Benign prostatic hyperplasia
Benign prostatic hyperplasia or BPH is the medical term for an enlarged prostate, which is the growth of the prostate gland to an unhealthy size.
Definition & Facts
The prostate gland is a small gland of the male reproductive system located just below the bladder surrounding the urethra, which is the tube that transports urine from the bladder out of the body. Its primary function is to secrete fluid that comprises part of semen. If the prostate becomes enlarged, a problem may arise due to the prostate pushing against the urethra. A compressed urethra is likely to result in urination problems.
As the name implies, BPH results from a non-malignant or non-cancerous cause. Although prostate cancer may have similar symptoms, BPH is separate and distinct, and there is currently no medical evidence that suggests a link between the two. The chances of BPH increase with age such that:
- Age 31-40: one in 12 men have BPH.
- Age 51-60: about one in two.
- Over age 80: more than eight in 10.
Symptoms & Complaints
When men become aware of potential problems, it typically arises in either the storage of urine in the bladder or elimination from the bladder. Included among the more commonly reported symptoms are:
- Difficulty initiating a urine stream, which can be manifested by straining or hesitation
- Decreased urine stream
- Feeling the need to urinate again shortly after urination
- Inability to completely empty the bladder, which can be manifested by dribbling urine
- A feeling that the bladder is not completely empty
- Pain during urination
If the symptoms are ignored and the condition is allowed to worsen, more advanced symptoms may develop, such as bladder stones, infection, and potentially damage to the kidneys created by a back-flow of urine from the bladder. Symptoms similar to those that may indicate BPH may alternately be a sign of a urinary tract infection, diabetes, or a neurological disorder, in addition to prostate cancer.
Every man has a certain risk of developing BPH by the very nature of having a prostate. The exact reason that triggers the prostate to become enlarged to the extent it creates a health concern is unclear. What is clear, however, is that the prostate undergoes a “normal” growth pattern as a male ages.
For the vast majority of healthy males, the prostate grows very little between birth and puberty. Between puberty and the early to mid-twenties, a typical man’s prostate will increase in weight and double in size. For some men, there will be no significant growth of the prostate after this time; for others, slow growth begins around 40, and for a small percentage of the population, growth may occur in the 30’s or earlier.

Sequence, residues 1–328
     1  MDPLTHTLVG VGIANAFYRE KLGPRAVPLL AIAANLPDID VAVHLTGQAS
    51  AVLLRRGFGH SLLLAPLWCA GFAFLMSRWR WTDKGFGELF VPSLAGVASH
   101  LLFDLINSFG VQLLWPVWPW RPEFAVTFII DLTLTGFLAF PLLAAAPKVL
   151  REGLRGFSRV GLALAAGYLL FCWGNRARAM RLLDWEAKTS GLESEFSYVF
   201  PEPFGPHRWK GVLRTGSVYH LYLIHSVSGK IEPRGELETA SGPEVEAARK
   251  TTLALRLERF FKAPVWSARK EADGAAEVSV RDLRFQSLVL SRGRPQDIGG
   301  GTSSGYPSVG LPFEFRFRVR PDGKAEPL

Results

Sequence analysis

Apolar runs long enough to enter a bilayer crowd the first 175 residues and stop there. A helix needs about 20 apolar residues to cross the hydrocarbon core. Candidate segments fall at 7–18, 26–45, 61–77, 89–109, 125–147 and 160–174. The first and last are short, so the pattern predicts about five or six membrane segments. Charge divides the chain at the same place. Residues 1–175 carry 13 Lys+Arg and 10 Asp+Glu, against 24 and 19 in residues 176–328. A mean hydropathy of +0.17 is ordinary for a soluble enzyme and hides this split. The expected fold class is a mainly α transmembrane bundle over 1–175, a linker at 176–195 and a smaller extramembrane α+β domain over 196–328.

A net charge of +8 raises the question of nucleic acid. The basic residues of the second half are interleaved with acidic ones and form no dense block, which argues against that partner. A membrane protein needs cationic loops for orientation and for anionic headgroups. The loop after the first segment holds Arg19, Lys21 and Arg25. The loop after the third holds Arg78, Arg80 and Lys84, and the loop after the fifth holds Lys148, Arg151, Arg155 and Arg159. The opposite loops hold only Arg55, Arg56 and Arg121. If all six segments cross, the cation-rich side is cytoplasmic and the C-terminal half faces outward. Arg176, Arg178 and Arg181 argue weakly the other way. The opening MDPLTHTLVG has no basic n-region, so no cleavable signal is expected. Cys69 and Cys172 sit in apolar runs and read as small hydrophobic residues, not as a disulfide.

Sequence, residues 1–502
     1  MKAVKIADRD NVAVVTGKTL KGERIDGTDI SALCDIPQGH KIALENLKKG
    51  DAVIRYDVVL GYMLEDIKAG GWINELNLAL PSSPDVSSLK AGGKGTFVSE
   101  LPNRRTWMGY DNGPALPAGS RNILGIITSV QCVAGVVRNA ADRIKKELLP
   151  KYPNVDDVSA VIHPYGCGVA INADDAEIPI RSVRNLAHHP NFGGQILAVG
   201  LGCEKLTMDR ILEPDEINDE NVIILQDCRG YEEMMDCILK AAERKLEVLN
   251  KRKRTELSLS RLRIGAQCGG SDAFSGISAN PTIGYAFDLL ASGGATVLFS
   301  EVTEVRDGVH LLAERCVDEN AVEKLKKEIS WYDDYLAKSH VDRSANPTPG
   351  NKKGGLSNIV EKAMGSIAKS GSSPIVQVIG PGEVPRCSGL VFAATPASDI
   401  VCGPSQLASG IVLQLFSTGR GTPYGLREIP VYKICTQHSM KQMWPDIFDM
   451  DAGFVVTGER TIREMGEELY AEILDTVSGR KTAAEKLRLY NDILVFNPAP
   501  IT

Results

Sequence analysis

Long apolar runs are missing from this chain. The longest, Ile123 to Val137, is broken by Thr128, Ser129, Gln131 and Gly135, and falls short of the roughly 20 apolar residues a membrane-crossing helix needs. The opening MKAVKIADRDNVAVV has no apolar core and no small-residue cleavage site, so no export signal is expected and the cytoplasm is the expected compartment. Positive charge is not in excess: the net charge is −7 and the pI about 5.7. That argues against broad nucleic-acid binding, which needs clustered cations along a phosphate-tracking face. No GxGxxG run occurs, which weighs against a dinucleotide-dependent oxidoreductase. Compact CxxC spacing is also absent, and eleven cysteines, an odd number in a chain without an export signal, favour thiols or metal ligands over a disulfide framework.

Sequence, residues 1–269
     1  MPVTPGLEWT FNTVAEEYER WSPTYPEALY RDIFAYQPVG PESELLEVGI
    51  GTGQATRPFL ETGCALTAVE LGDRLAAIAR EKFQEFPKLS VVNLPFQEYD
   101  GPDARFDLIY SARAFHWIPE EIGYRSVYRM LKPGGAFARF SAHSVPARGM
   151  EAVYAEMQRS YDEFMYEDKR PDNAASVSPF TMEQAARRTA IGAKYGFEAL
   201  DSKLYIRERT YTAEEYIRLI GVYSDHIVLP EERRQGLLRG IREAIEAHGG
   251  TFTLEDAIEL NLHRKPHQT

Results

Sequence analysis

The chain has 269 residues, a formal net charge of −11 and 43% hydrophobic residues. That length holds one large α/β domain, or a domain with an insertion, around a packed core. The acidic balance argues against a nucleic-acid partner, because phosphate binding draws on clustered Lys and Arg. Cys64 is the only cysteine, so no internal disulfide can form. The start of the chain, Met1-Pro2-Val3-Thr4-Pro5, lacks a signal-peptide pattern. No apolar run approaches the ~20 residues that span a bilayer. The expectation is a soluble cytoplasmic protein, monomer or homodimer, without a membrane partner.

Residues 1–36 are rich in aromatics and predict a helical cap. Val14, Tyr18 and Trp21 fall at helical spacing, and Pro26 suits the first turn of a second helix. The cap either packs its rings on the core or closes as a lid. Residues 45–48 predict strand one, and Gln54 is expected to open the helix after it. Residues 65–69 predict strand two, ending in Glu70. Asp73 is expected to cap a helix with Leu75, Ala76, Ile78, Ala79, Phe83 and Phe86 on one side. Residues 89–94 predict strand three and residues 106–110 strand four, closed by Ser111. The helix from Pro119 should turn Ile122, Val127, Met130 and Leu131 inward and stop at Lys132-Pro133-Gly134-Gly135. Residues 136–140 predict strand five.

Male hormones almost certainly play a role in prostate growth. Testosterone, which is produced in a man’s testes throughout his lifetime, is converted in the prostate to a stronger male hormone known as dihydrotestosterone (DHT). DHT causes rapid cell growth in the lining of the tissues of the prostate during and after puberty. For reasons unknown, DHT may also stimulate tissue growth in older men, as well.
Men who have had their testicles removed at any early age due to health issues do not develop BPH. Another theory involves estrogen that is present to some extent in all men. As the levels of testosterone decrease with age, the relatively higher percentage of estrogen may stimulate prostate growth.
Diagnosis & Tests
As with many potential medical issues, a diagnosis of BPH is considered within the context of multiple sources of information, including:
- A description of symptoms from the patient
- A medical history of the patient and his family
- A physical examination
- Various medical tests
The primary diagnostic test used to detect BPH is the digital rectal examination. The doctor inserts a gloved and lubricated finger into the rectum of the patient allowing the doctor to feel the prostate, which can reveal any abnormalities.
Due to the fact that the existence of BPH and its severity may be difficult to conclusively diagnose and that symptoms similar to those indicating BPH may alternately point to another cause, medical professionals most often run a range of tests designed to eliminate possibilities other than an enlarged prostate. Tests may include a urinalysis, cystoscopy, ultrasound, or tests that measure the speed of urine flow and the extent to which the bladder is void of urine after urination.
A PSA test (prostate-specific antigen test) may also be conducted, whcih measures the level of a prostate-specific antigen in the patient’s blood. This test is widely used to detect prostate cancer, but recent findings have indicated an elevated level of PSA is present with individuals that have BPH, thus reducing its effectiveness in isolating cancer as the cause of the symptoms reported.
Treatment & Therapy
BPH has no known cure. Treatment, therefore, is focused on reducing the symptoms of the patient. This becomes a very individualized matter based on the degree of the enlargement and the ability of the patient to tolerate the symptoms. Many men with mild symptoms adopt a watch and wait strategy entailing regular monitoring and examinations but avoiding medication or surgery.
Mild to moderate cases may be treated with medications such as alpha blockers or antiandrogens. Severe cases may result in surgical removal of part of the prostate. Recent advances have provided some with the option of prostate laser surgery, which involves a laser cutting or melting away tissue that is causing an obstruction in urinary flow.
Prevention & Prophylaxis